However, generally a Court will rarely order the sale of the business (unless there is no other way for them to achieve a fair outcome). For example, in one case substantial periodical payments to one spouse had been ordered by the Court instead of imposing a clean break. In another case, the court ordered the payment of a number of lump sum orders and also periodical payments which allowed the wife to benefit from the profits of the company, and if the husband was not able to pay for the lump sums to the wife, she would be given shares in the company equal to the value of outstanding sums. Therefore, the Courts have used various methods where it is either not practical or desirable for the business to be sold.
What considerations should I have in mind when my business is to be valued?
Residential property, for example, can be seen as an interest that just needs to be valued by a surveyor or estate agent and put on the balance sheet. It is very easy to take the same approach with business assets.
However, given their illiquidity, in the context of divorce proceedings business assets should be seen more as something that can produce income to fund a financial settlement on divorce and in the future, possibly to provide maintenance to a spouse or children. The amount of money that can be made from a trading company, for example, can be quite different to the market valuation of it.
In the vast majority of cases, expert evidence will be required, usually from an accountant, to advise specifically on liquidity, methods available to extract funds from the business, and the tax consequences of these options. It has been accepted by the Courts that the starting point is to use up-to-date valuations as opposed to historical valuations.
Does it mean anything if my husband/wife has no interest or involvement in my business?
Business assets generated solely by one spouse will not be excluded or ring-fenced from consideration. However, a party that owns an interest in a business should highlight that the value of the business to the ‘matrimonial balance sheet’ risks giving the other side a ‘double benefit’ where they may also be entitled to periodical payments, which are generated from the profits of that business. This is because the value of the business usually reflects potential income on a ‘profit earning ratio’ basis.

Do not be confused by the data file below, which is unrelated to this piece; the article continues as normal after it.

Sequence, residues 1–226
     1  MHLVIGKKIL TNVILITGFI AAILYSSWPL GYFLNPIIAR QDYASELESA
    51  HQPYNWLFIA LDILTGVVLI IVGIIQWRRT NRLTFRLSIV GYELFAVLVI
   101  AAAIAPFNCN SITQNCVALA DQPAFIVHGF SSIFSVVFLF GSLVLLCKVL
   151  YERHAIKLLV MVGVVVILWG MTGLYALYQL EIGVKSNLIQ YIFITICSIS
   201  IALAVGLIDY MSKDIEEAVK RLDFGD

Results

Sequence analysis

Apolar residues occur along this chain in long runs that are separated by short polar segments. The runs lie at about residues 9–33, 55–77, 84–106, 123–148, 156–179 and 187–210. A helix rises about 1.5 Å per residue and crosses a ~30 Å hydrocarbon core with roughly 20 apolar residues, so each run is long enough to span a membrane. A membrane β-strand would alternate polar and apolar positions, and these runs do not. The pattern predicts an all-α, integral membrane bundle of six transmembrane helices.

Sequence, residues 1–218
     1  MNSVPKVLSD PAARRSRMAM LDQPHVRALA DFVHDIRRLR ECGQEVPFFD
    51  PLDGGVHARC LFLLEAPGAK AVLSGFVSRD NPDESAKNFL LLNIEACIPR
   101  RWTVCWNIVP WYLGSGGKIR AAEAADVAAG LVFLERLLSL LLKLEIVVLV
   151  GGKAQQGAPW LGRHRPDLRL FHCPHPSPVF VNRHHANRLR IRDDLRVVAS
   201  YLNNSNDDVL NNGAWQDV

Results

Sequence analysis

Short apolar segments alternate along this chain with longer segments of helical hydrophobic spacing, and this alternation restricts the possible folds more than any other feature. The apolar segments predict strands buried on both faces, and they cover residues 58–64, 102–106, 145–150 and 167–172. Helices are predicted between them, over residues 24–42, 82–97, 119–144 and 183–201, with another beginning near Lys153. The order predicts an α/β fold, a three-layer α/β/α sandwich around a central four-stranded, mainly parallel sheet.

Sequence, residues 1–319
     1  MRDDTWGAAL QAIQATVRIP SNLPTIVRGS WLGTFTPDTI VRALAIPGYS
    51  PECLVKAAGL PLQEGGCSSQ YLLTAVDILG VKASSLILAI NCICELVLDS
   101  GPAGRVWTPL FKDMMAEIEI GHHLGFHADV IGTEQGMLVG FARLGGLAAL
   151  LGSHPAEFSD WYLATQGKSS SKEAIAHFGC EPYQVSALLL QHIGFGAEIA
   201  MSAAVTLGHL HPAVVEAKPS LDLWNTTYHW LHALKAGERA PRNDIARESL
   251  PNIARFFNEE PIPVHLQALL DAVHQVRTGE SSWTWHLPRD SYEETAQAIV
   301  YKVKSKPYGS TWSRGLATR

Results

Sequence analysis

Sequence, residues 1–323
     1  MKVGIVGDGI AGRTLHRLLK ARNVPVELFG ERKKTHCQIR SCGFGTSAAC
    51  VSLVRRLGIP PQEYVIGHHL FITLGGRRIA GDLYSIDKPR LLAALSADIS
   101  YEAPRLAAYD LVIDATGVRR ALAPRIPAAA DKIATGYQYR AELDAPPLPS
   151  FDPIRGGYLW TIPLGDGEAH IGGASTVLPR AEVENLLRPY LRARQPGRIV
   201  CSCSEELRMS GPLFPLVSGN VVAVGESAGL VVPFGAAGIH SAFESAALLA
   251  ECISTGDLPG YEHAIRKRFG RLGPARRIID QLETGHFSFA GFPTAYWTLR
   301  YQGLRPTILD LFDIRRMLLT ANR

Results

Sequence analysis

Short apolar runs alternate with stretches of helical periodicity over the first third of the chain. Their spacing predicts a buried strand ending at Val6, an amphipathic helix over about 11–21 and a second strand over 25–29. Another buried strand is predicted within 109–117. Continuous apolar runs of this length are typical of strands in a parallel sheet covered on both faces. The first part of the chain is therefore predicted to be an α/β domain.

Are assets not owned by me, but by my business, taken into account as well?
Another important consideration is whether assets not owned by a spouse, but by his or her company, are not subject to the jurisdiction of the Courts in proceedings for financial orders.
Companies are generally viewed as their own separate legal entity and independent from the identity of its shareholders. However, in certain circumstances, the Court will ‘pierce the corporate veil’ of companies that a party has an interest in, to treat its assets as matrimonial assets. A leading case on this is the Supreme Court decision in Prest v Petrodel Resources. In this case, the wife, in financial proceedings, appealed against a decision that an order transferring to her property held by the husband’s companies could not be effected as they were not in his name. However, on appeal it was determined that each of the properties were held on a resulting trust by the companies for the husband as he funded the purchase of the properties. As such he was treated as the beneficial owner of the properties, and it was therefore decided that properties were required to be transferred to the wife.
Business assets will generally be considered by the Courts as part of the relevant assets of a relationship, and that when they are part of the assets of a marriage or civil partnership, various potential issues need to be addressed. It is therefore important that advice is sought on any potential issues that could arise in the context of divorce proceedings, which could have an effect on either spouses’ business assets. Furthermore, given the potential complexities where business assets are involved, entering into a pre-nuptial agreement should be seriously considered, especially as the Courts are now placing more weight on them.